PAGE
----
Alma 30 was an interesting chapter for me because I realised why I felt so strongly why I needed to let C make his own choices regarding religion... no matter how hard it was for me.
"Choose ye this day, whom ye will serve."
We must all choose for ourselves. Hard to watch loved ones choose something that isn't the gospel.
"...if he did not believe in him there was no law to punish him."
It is hard to not want to levy punishments for not going to church. I am realising more and more that there is more power in an invitaion and allowing a choice to happen. Rules still need to exist, but "men should be judged according to their crimes." Lack of faith is not a crime... though it is a tradgity.
The story of Korihor is tragic. It is so familiar. It hurts.
How can people miss that God is real? All things prove that He is. The earth. The beauty on the earth. Animals. People. Scripture. Sad too many miss it.
The devil does not support his children. He uses all kinds of tactics and techniques to get us to follow him, and yet the only thing he can deliver is pain, sorrow and hell. Harsh words, but true.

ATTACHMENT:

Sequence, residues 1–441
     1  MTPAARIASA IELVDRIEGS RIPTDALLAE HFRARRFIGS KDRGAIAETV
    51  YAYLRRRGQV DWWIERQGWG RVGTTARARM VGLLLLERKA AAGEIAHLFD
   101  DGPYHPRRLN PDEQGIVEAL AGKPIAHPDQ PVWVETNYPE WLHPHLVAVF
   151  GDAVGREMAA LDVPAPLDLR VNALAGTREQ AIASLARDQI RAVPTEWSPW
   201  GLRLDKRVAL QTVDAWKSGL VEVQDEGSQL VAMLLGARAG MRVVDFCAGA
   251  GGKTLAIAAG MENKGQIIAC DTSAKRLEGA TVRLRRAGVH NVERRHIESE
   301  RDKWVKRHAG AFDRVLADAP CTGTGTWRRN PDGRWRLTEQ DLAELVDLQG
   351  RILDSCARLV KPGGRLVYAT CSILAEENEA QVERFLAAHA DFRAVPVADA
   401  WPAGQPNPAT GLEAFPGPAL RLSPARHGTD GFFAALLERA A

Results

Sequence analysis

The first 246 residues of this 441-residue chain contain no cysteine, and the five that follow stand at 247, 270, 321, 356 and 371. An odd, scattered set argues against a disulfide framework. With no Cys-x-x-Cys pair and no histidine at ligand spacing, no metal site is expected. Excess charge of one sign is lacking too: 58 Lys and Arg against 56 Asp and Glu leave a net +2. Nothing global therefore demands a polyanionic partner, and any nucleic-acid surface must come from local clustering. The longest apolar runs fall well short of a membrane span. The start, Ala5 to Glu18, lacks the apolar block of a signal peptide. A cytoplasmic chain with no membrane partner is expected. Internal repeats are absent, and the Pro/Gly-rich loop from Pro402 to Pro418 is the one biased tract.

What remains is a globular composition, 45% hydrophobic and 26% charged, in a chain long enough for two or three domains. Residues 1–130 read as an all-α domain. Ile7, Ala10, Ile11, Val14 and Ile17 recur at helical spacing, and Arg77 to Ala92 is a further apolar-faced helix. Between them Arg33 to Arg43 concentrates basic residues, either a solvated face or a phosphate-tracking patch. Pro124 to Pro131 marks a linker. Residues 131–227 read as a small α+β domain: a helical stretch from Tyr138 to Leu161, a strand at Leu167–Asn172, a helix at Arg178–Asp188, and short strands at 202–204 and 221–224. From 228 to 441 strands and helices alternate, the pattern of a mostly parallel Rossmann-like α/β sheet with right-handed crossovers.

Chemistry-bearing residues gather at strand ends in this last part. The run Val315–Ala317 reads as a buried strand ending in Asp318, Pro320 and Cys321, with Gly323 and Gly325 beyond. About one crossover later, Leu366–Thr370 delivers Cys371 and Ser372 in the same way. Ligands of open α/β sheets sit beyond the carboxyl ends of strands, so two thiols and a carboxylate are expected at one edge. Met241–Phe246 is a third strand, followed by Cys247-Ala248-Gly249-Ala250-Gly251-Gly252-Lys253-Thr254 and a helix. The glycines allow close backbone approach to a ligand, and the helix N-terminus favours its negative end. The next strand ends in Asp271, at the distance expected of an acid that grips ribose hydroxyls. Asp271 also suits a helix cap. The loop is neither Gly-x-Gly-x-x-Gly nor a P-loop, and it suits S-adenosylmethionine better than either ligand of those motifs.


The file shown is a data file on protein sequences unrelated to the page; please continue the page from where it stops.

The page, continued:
I found it interesting, in verse 53, the pattern that was used by the adversary to ensnare Korihor.
He came to Korihor in an appealing way.
He disregarded truth and replaced it with lies that please the carnal mind.
He instructed Korihor to repeat those words until...
Korihor grew to believe them himself.
This verse tells me that Korihor didn't believe what the devilish "angel" told him up front, but it was appealing to him, so he followed it and taught it to the point he actually believed it himself.
There is a term in psychology called cognitive dissonance. It is the unsettled feeling we have when our actions do not align with our beliefs. To get rid of that feeling one of two things must happen:
We change our behavior to match our beliefs or
We change our beliefs to match our behavior.
Korihor chose option two. That is actually not uncommon. That's why many fall away from the church. They commit sin, big or small, and rather than changing the behavior (repentance) they change their beliefs to match/justify the behavior- ie, it can't be a sin if there is no God saying it's wrong, etc.
Korihor was too evil, too stubborn, too wicked- and too late.
Option one is the more difficult of the two- but it is the only way (in a gospel sense) to obtain Salvation. Anything less might make the immediate unsettled feeling disappear, because may have successfully (in our minds) justified our behavior by changing what we believe- but it does nothing for our eternal salvation.
Interesting chapter. Sad- but one that makes me think.
What did you think/learn today?